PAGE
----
2. Board of Governors of the Federal Reserve System (US), Student Loans Owned and Securitized, Outstanding [SLOAS], retrieved from FRED, Federal Reserve Bank of St. Louis; http://fred.stlouisfed.org/series/SLOAS.


3. The Institute for College Access & Success. (2016). Student Debt and The Class of 2015. Retrieved from http://ticas.org/sites/default/files/pub_files/classof2015.pdf.


4. Jason Delisle. (2014). The Graduate Student Debt Review. Retrieved from https://static.newamerica.org/attachments/750-the-graduate-student-debt-review/GradStudentDebtReview-Delisle-Final.pdf.


5. Credible. (2016). 2016 Credible Student Loan Refinancing Report. Retrieved from https://www.credible.com/blog/wp-content/uploads/2016/11/2016_credible_student_loan_refinancing_report.pdf.


6. While refinancing government loans as well as private loans may help many borrowers, federal loans have certain benefits that can help borrowers who experience financial distress. Private loans typically don’t have the same benefits. Everyone’s situation is different, so think carefully about refinancing your government loans and talk about it with a trusted advisor.


7. Brazos Refinance Loan fixed rates from % APR to % APR (with Auto-Pay Discount). Variable rates from % APR to % APR (with Auto-Pay Discount). Interest rates on Brazos loans are capped at 9.90%. Lowest variable rate of % APR assumes current 1 month LIBOR rate of % plus a % margin minus the 0.25% Auto-Pay Discount. Not all borrowers receive the lowest rate. If approved for a Brazos loan, the fixed or variable interest rate offered will depend on your creditworthiness, the term of the loan and other factors, and will be within the ranges of rates listed above. For the Brazos variable rate loan, the 1-month LIBOR index will adjust monthly and the loan payment will be re-amortized and may change monthly. APRs for variable rate loans may increase after origination if the LIBOR index increases.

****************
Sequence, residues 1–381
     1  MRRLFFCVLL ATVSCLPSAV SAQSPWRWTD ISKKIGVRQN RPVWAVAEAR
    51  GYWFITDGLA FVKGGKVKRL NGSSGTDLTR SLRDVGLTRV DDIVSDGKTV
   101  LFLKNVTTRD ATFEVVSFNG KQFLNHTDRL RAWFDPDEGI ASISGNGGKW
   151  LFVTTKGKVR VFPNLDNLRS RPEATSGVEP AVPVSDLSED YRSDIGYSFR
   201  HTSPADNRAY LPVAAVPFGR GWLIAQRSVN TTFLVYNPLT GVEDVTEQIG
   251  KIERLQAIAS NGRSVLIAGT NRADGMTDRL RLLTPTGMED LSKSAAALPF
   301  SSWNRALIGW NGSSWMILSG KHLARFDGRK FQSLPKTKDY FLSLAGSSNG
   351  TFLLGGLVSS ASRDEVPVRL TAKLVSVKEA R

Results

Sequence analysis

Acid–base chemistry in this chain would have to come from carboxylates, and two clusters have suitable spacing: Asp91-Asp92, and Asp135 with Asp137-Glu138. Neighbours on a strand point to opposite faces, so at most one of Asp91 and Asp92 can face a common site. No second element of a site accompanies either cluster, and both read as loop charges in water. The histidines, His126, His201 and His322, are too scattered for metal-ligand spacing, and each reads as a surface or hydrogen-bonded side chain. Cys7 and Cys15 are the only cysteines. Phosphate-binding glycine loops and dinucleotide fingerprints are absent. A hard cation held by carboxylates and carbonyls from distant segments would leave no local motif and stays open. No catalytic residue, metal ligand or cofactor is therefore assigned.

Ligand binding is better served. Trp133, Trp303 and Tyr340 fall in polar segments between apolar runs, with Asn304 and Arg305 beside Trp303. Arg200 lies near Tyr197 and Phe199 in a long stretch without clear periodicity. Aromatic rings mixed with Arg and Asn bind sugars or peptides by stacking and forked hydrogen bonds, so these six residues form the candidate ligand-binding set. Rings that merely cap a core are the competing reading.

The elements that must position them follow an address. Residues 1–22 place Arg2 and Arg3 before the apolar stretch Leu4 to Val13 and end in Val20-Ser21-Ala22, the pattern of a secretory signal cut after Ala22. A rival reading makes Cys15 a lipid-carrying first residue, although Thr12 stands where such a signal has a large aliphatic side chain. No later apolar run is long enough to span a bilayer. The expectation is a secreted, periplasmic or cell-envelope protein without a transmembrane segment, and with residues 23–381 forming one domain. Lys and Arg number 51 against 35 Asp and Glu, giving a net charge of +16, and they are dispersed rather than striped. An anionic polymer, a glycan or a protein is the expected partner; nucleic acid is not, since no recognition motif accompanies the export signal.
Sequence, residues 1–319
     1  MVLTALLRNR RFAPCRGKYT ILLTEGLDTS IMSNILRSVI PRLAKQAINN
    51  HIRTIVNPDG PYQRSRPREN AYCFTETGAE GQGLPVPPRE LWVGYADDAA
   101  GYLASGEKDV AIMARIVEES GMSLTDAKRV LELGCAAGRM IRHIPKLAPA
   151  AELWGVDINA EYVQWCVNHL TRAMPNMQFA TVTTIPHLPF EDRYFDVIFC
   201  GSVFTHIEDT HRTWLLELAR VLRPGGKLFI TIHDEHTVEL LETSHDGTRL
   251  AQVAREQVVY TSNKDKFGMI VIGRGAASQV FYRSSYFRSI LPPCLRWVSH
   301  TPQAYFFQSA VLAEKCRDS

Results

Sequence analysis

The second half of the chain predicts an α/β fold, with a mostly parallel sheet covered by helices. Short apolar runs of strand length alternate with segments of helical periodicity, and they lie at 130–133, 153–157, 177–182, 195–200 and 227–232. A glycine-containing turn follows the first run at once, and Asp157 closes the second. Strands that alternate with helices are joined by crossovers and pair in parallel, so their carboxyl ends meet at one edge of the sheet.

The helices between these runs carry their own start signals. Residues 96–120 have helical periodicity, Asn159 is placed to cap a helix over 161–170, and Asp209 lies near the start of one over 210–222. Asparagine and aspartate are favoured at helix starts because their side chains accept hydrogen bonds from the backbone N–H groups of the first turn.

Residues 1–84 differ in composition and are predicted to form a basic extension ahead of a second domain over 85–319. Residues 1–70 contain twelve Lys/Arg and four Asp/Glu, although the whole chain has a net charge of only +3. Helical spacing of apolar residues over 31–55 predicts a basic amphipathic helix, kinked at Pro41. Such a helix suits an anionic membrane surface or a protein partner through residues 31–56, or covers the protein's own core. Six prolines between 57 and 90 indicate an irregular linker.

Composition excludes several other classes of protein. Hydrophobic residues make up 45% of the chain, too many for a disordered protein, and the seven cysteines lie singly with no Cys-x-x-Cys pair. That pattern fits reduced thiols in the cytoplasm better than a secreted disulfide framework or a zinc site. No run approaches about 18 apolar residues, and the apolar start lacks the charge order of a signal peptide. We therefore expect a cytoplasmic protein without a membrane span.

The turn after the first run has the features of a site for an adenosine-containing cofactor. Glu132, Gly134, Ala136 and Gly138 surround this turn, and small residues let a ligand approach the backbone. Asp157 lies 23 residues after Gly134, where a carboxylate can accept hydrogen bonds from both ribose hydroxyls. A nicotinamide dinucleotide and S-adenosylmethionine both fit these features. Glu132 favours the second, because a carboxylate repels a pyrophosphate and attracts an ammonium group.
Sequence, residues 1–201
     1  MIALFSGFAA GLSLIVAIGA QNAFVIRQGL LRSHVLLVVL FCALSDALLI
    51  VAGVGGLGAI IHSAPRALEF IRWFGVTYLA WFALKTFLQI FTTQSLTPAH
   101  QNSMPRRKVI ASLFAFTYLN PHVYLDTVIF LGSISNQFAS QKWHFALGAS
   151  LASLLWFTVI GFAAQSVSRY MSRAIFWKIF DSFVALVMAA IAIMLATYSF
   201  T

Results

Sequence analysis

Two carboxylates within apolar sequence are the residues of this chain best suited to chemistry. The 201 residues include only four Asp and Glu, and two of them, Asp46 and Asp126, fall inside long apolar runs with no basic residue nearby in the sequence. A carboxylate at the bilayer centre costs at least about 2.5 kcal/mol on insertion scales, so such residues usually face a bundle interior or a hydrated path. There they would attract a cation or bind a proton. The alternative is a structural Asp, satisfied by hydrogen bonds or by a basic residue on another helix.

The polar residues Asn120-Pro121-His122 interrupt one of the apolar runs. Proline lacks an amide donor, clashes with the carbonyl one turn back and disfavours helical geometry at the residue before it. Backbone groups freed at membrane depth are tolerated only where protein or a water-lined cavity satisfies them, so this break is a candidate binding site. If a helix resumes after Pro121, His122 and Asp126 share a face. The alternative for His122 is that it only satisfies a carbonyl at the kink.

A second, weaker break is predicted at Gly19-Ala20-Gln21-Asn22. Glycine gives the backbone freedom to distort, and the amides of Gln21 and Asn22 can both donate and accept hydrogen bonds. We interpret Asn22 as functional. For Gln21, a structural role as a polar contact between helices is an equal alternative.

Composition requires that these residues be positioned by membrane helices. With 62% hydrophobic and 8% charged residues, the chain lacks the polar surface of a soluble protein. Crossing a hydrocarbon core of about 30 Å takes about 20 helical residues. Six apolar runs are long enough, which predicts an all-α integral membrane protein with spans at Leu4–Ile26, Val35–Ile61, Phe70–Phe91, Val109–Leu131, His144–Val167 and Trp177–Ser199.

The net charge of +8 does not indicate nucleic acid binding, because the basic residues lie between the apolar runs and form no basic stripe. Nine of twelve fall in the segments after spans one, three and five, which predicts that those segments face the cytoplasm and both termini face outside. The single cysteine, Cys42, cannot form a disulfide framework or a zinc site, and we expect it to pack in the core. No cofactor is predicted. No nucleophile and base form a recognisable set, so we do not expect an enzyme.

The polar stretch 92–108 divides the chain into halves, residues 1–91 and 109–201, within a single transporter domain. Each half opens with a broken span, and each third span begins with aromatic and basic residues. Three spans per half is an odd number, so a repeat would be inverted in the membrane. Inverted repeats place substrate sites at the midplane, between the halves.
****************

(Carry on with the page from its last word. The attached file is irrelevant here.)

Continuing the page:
Auto-Pay Discount. The interest rate in effect will be reduced by 0.25% if either the borrower or the cosigner authorizes automated (ACH) payments from any bank account. This ACH interest rate reduction, referred to as the Auto-Pay Discount, applies only when full principal and interest payments are automatically drafted from a bank account. This interest rate reduction will not continue to apply during periods of approved forbearance or deferment. The Auto-Pay Discount will terminate if the automatic bank account payments discontinue or there are any three instances of insufficient funds at any time during the term of the loan. A borrower may requalify upon reauthorization of automatic payments from a valid bank account.